Because the here and now is greedy and relentless. Demands and deadlines at work. Requests and responsibilities at home. Pressures to keep up and get ahead. These things are in our faces. We see them— email inboxes overflowing, to-do list items calling for attention. We hear them—mobile phones ringing, work calls never ending. And we feel them—texts and reminders and notifications buzzing, stress building.
“The world of sense intrudes upon our attention day and night for the whole of our lifetime,” continued Tozer. “It is clamorous, insistent and self-demonstrating … assaulting our five senses, demanding to be accepted as real and final.”
Compared with this barrage, and with the busyness and hustle we muster to meet the barrage and survive as best we can, the spiritual realm can seem as if it’s a million miles away. It can become, in our minds, simply something we’ll (hopefully) experience someday. When we die. When we finally leave this physical, in-your-face world behind. But not now.
The Bible we claim to believe in—and to base our lives on— describes, quite clearly, a deeper, unseen reality. It describes a reality that somehow preexisted the space-time continuum. It describes a deeper, unseen reality that never began, actually, and will never end. “The things which are seen are temporal, but the things which are not seen are eternal” (2 Cor. 4:18).
The Bible describes a deeper, unseen reality to which time and space and matter owe their very existence. It’s this that our everyday physical reality is dependent on. Time and space and matter were “called into existence by God’s word, what we see created by what we don’t see” (Heb. 11:3b, MSG).
This deeper, unseen reality is more vast, more wild and wonderful than the physical world. It is distinguished by majesty and mystery, goodness and love— “glory beyond all comparison” (2 Cor. 4:17b, BSB). It’s a reality where anything can happen. Even the impossible. In it, even viruses and death itself can be undone.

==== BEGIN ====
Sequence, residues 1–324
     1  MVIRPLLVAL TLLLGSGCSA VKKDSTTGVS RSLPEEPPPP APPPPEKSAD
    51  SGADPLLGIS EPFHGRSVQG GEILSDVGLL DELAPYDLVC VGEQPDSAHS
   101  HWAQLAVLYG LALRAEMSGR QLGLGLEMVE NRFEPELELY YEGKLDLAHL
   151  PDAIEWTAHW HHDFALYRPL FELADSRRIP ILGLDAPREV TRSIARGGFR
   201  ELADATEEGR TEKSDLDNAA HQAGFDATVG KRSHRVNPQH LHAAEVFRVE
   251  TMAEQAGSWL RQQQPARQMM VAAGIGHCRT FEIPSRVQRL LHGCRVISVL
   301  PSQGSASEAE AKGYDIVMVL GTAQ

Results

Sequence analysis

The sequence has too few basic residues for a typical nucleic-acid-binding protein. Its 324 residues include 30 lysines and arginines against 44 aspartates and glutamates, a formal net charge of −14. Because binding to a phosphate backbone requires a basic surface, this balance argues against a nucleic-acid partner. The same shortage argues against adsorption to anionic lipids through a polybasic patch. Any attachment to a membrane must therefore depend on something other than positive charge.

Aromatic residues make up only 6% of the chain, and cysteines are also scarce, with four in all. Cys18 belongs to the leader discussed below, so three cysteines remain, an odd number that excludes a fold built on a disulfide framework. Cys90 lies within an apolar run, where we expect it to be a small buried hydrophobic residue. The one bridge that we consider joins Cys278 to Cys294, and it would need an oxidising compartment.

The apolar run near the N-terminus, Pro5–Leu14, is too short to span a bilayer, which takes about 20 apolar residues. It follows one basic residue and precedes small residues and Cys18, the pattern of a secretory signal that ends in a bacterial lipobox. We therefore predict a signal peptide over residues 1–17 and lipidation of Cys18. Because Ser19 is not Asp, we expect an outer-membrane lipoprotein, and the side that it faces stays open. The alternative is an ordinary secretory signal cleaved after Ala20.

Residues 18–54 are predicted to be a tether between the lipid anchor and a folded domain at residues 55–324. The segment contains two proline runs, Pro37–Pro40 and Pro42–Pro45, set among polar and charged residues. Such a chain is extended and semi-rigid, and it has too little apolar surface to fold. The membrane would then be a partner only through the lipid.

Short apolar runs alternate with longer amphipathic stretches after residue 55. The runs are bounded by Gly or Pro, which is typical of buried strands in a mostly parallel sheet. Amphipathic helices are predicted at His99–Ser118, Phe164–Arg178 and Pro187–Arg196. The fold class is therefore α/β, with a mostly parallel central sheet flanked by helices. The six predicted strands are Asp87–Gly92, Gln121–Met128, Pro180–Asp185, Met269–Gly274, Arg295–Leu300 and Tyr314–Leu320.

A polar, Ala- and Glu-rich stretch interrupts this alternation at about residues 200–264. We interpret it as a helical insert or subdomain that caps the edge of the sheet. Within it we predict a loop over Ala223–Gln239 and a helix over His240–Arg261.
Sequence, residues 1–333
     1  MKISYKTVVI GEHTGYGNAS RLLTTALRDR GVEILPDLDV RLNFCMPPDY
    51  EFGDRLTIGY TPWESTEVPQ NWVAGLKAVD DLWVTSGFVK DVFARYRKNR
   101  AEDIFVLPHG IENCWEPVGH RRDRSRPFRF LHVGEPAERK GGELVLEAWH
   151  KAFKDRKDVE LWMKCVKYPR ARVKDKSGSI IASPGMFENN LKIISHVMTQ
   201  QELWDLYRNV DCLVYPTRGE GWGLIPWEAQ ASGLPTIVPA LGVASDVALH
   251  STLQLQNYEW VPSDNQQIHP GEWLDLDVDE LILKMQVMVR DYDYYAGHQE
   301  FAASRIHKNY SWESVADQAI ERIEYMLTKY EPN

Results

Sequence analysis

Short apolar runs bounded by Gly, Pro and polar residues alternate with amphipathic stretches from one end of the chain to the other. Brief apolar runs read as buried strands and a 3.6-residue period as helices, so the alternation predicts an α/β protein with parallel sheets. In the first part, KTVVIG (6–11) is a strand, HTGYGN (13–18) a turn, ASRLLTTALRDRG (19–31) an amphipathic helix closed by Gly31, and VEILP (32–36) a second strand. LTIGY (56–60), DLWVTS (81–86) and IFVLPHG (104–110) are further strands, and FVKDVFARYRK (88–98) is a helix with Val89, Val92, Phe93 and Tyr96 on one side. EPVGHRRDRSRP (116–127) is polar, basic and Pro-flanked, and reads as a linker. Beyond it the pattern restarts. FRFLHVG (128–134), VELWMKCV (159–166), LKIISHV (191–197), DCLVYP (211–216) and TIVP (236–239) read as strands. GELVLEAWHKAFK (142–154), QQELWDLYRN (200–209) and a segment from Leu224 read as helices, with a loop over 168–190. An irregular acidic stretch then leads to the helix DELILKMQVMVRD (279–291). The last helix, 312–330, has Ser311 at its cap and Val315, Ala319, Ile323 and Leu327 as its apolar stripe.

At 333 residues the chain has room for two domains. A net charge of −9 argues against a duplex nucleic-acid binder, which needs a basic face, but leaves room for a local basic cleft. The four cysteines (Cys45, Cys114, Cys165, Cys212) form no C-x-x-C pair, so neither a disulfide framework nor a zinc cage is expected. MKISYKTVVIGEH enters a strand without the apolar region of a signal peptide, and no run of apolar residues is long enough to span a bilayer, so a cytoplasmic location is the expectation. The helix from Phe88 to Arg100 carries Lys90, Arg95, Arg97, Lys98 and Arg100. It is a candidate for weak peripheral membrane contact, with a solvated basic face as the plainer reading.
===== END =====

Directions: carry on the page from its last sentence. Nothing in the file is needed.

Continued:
And it’s not just out there somewhere, out in the beyond. It is there, but it’s here too. Right here. Right now. “The coming of the kingdom of God is not something that can be observed,” explained Jesus, but it is already in our midst (Luke 17:20–21, NIV). This deeper, unseen reality is interwoven with everything in the physical world. It “holds everything together” (Heb. 1:3b. ERV).
And we can discover it. This reality. In it, we can ask God our burning questions: Where are you? What are you up to?
While we may have grown more comfortable with (and confident in) the physical world, that doesn’t mean we don’t have spiritual aspects too. We do. For “God is spirit” (John 4:24a, MEV). And he made us “in his own image” (Gen. 1:27b).
God formed Adam, the first man, from the natural world—from “dust from the ground” (Gen. 2:7). But he breathed himself into Adam—he “breathed into his nostrils the breath of life, and man became a living being” (v. 7). He created us as physical beings. But he created us as spiritual beings too—just like Him.
Our spiritual nature is our essence. It’s what distinguishes us from the rest of creation: that we can access and experience and participate in this great reality that lies beyond our everyday reality.
And it’s to that reality we must now turn. There, we will find answers to our questions.
Justin Camp is the author of Odyssey: Encounter the God of Heaven and Escape the Surly Bonds of This World. He created the WiRE devotional for men and is a cofounder of Gather Ministries, a nonprofit he runs with his wife, Jennifer. Prior to this he was a venture capitalist in Silicon Valley and a lawyer on Wall Street.